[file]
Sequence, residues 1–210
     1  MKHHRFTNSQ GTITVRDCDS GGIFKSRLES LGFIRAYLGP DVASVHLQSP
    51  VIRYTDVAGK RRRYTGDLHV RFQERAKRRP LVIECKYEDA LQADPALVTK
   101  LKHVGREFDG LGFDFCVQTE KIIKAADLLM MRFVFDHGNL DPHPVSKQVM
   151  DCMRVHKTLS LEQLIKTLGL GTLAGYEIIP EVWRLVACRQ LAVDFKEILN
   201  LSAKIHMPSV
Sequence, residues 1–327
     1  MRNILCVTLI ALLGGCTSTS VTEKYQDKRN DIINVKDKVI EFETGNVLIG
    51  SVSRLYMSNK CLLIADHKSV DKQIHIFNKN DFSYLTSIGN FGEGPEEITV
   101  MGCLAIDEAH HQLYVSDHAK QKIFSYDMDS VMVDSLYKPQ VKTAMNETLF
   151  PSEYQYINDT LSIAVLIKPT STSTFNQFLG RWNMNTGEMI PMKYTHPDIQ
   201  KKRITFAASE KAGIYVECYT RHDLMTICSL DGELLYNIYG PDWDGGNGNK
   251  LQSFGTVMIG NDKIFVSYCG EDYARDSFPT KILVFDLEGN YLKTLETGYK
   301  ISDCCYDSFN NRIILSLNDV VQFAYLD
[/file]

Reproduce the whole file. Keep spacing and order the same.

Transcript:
Sequence, residues 1–210
     1  MKHHRFTNSQ GTITVRDCDS GGIFKSRLES LGFIRAYLGP DVASVHLQSP
    51  VIRYTDVAGK RRRYTGDLHV RFQERAKRRP LVIECKYEDA LQADPALVTK
   101  LKHVGREFDG LGFDFCVQTE KIIKAADLLM MRFVFDHGNL DPHPVSKQVM
   151  DCMRVHKTLS LEQLIKTLGL GTLAGYEIIP EVWRLVACRQ LAVDFKEILN
   201  LSAKIHMPSV
Sequence, residues 1–327
     1  MRNILCVTLI ALLGGCTSTS VTEKYQDKRN DIINVKDKVI EFETGNVLIG
    51  SVSRLYMSNK CLLIADHKSV DKQIHIFNKN DFSYLTSIGN FGEGPEEITV
   101  MGCLAIDEAH HQLYVSDHAK QKIFSYDMDS VMVDSLYKPQ VKTAMNETLF
   151  PSEYQYINDT LSIAVLIKPT STSTFNQFLG RWNMNTGEMI PMKYTHPDIQ
   201  KKRITFAASE KAGIYVECYT RHDLMTICSL DGELLYNIYG PDWDGGNGNK
   251  LQSFGTVMIG NDKIFVSYCG EDYARDSFPT KILVFDLEGN YLKTLETGYK
   301  ISDCCYDSFN NRIILSLNDV VQFAYLD